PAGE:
100% Pimacott 100% Gossypium barbadense, only extra-long staple, grown in California. 

100% Supima cotton – 100% Gossypium barbadense, only extra-long staple, 90% grown in California, 10% grown in small areas of Texas, Arizona, and New Mexico.

JUNIPER - Supima

This list is probably not complete, there might be more organizations around the world trying to do the same thing as the three mentioned here. 

 

What about organic cotton? Not so straightforward.

Organic cotton is generally understood as cotton from plants not genetically modified and that is certified to be grown without the use of any synthetic agricultural chemicals. I.e. the way cotton was grown 200 years ago. So how does that change the end product? Well, in essence, it actually doesn’t change the end product. Bedsheets from any reasonable brand in the western world are OEKO-TEX Standard 100 certified, meaning they are free from any harmful chemicals. And in fact, even with the most advanced scientific equipment available, a scientist can’t determine the difference between organic and non-organic cotton by the time the product is finished.

But what about the production process and its impact on the environment? Here organic farming can, of course, play a crucial role.

Generally speaking, organic farming will use more soil as it is much less efficient. Hence it will require more water as it is spread out over a larger area. However, the great benefit of organic farming is that it avoids the use of toxic synthetic pesticides which may impoverish the soil, could harm insects that are part of the natural ecosystem and are often associated with farmworkers getting sick. This has been a big problem in developing countries such as India and China which are the first and third ranked countries in the world by volume. Hence when buying cotton from developing countries, buying organic is a good way of knowing workers likely are better cared for. It should, however, be pointed out that organic pesticides can be toxic as well, so there is no guarantee unfortunately just because something is organic.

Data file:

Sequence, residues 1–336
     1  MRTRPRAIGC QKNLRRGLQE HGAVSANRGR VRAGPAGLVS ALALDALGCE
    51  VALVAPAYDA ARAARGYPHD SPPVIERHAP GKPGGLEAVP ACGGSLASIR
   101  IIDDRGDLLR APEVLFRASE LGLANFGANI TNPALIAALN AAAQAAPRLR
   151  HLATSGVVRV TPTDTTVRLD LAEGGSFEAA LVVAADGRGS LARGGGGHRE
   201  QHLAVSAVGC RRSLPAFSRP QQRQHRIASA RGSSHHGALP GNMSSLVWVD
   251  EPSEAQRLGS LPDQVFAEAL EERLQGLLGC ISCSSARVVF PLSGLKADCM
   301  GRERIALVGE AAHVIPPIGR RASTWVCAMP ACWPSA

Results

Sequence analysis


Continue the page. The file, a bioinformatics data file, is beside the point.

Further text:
JUNIPER - Cotton field

In the western world, primarily the United States and Australia, national regulations are much stricter both with regards to using pesticides and working conditions. So the use of toxic chemicals (synthetic or natural) is rare. Further much more of work is done with machines, e.g. cotton-picking which is all done by hand in developing countries, is all done with the help of modern equipment in the US and Australia. A seriously strenuous and repetitive job causing physical injuries.

So in summary, if we could trust everyone in the world to behave responsibly, non-organic farming would actually be more efficient and not harmful to the environment, it would simply be using the latest available science to farm as efficiently as possible. However, since we can’t, organic cotton is a good option, especially when buying cotton from developing countries. But of much less importance when buying from the western world.

Of course, there is also some truth to the expression; you get what you pay for. If you pay more and buy quality it is much more likely that both the farmer and the environment are healthy and happy.

 

At JUNIPER we produce 100% SUPIMA cotton sheets, with 500 thread count in a sateen weave. The most exclusive cotton sheets you can buy anywhere, no matter the price. Have a look at The Bed Set, our best value product.

Written by

Jacob Wibom Westerberg

Jacob Wibom Westerberg

Jacob is a co-founder of JUNIPER. He is strategy consultant with a Nordic consultancy firm where he works with strategy development and transactions, primarily within consumer products and consumer internet. He is also weirdly passionate about cotton.